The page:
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Global South Is Facing a “Complete Energy Crisis” from Oil to Natural Gas Amid Ukraine War & Pandemic

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Protests over fuel shortages are unfolding around the world — in Sri Lanka, Ghana, Peru, Ecuador and elsewhere — over high gas prices. We look at the impact of rising fuel costs on countries in the Global South with Antoine Halff, former chief oil analyst at the International Energy Agency, now at the Center on Global Energy Policy at Columbia University. He contextualizes the fuel shortage as part of a greater global energy crisis created in part by dependency of nations like Sri Lanka on imports and the imbalance in supply and demand resulting from COVID-19 and the Russian invasion of Ukraine.

This is a rush transcript. Copy may not be in its final form.

AMY GOODMAN: As we turn to put this in a broader context in the Global South, amidst the protests in Sri Lanka, there have also been widespread demonstrations in Ghana, in Peru, in Ecuador and other countries over high gas prices.

For more on the impact of these rising fuel prices on countries in the Global South, where the impacts have been especially severe amidst the war in Ukraine and the COVID-19 pandemic, we’re joined by Antoine Halff. He is the former chief oil analyst at the International Energy Agency, an adjunct senior research scholar at the Center on Global Energy Policy at Columbia University.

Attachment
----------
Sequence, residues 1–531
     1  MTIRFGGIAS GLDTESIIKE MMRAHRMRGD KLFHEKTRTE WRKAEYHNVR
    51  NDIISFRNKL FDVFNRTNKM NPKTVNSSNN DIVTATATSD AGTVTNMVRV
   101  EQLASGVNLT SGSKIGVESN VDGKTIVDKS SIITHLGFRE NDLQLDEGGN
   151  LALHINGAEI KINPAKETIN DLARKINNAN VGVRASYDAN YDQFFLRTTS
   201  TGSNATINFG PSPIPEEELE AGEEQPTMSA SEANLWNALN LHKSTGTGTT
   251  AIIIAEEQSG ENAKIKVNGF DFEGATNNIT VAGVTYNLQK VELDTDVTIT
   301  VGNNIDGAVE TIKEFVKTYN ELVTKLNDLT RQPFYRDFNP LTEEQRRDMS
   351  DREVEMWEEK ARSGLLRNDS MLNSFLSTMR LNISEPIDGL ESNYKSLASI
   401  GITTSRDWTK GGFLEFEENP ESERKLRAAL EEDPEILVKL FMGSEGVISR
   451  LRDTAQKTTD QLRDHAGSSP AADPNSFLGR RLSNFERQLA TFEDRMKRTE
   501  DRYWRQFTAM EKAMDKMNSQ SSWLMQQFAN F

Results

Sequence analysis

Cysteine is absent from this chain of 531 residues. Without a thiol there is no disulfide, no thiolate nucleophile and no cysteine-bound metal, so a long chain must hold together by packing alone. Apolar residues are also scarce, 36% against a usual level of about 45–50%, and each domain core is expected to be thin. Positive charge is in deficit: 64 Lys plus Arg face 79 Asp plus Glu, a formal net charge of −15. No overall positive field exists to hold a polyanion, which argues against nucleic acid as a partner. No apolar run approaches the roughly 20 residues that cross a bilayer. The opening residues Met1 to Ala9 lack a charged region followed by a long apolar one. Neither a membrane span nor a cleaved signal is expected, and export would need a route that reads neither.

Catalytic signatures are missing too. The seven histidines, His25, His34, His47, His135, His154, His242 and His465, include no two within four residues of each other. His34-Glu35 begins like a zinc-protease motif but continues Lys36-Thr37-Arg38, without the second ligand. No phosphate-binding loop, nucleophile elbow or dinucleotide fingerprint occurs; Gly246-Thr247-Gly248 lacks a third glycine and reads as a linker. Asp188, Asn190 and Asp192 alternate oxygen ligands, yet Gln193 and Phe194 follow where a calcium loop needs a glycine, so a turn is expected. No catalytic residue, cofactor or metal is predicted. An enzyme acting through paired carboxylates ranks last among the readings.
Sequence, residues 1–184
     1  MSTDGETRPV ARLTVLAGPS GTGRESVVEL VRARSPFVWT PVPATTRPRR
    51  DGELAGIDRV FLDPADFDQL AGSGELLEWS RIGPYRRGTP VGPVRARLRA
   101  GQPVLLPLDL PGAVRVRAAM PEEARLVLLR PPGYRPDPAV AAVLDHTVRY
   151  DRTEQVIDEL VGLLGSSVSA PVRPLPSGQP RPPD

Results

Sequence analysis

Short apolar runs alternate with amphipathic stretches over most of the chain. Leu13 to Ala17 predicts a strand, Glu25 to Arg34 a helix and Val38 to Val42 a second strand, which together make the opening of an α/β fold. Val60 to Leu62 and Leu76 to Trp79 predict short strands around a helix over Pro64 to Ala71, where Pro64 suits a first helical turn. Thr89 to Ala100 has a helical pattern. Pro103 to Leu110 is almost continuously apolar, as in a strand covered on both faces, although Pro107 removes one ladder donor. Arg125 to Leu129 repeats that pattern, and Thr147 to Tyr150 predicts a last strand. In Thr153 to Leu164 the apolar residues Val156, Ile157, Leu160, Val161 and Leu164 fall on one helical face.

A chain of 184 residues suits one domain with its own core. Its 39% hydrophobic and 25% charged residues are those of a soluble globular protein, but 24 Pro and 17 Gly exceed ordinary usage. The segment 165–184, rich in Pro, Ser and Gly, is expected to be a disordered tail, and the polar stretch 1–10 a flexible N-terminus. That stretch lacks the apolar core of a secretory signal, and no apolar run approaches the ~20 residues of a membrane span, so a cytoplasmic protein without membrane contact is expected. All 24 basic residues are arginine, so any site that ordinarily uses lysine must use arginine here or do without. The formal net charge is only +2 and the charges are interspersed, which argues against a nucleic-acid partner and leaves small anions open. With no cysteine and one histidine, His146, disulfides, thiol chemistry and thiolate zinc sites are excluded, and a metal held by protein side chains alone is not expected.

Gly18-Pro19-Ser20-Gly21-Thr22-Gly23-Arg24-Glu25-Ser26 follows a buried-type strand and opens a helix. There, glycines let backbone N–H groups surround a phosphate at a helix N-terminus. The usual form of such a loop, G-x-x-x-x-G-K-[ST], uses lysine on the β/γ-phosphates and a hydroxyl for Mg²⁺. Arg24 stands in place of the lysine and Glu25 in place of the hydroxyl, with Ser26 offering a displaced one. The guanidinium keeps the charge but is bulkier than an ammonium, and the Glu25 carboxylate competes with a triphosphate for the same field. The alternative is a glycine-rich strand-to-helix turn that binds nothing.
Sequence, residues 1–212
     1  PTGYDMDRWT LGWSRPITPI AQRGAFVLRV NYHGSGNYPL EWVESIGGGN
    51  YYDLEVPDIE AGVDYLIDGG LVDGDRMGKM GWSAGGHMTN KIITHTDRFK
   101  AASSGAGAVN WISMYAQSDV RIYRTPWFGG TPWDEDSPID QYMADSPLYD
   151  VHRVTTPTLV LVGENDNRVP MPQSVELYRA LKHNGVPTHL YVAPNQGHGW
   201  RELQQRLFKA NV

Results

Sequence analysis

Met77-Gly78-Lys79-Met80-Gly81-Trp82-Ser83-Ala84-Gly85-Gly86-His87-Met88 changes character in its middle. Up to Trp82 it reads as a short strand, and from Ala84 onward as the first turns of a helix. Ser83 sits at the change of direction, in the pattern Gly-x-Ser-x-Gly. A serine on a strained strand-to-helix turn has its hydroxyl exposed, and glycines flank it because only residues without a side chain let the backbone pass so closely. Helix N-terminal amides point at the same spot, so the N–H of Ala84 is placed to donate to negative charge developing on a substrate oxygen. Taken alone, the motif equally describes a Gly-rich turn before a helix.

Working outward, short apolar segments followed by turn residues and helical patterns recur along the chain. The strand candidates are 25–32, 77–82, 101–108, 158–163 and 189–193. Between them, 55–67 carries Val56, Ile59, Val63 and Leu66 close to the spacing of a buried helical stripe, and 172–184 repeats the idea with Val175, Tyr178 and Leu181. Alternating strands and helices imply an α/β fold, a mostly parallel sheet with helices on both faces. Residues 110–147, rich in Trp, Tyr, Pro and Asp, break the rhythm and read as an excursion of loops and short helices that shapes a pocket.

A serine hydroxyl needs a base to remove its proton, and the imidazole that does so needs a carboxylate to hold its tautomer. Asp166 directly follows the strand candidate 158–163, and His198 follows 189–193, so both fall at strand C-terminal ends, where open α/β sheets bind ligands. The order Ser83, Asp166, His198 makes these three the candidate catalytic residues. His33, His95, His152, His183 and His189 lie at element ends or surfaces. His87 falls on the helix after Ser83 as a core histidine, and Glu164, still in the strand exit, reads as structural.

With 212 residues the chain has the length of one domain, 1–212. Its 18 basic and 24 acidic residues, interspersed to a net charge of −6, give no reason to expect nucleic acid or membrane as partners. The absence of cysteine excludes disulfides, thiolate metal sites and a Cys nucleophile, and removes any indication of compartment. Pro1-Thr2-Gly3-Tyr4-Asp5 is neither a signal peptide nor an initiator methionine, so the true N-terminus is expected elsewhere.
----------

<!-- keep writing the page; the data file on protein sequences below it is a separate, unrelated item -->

Antoine Halff, welcome to Democracy Now!

ANTOINE HALFF: Thank you, Amy.

AMY GOODMAN: So, if you can talk about Sri Lanka, the example of Sri Lanka, and how it compares to what’s happening in the rest of the Global South?

ANTOINE HALFF: Yeah. Well, Sri Lanka has its own problems, linked to the nature of its economy and the shortfall in tourism revenue they had to face with COVID and so on. But they are also part of a broader situation, which is the increase in energy prices over the last few months, which has perhaps accelerated since the invasion of Ukraine. Sri Lanka is entirely dependent on its oil supply on imports, as are other countries in South Asia — Bangladesh, Pakistan, India — to various degrees. And it now has to — you know, it has less money to pay for higher-cost, high-priced energy, so hence a shortage.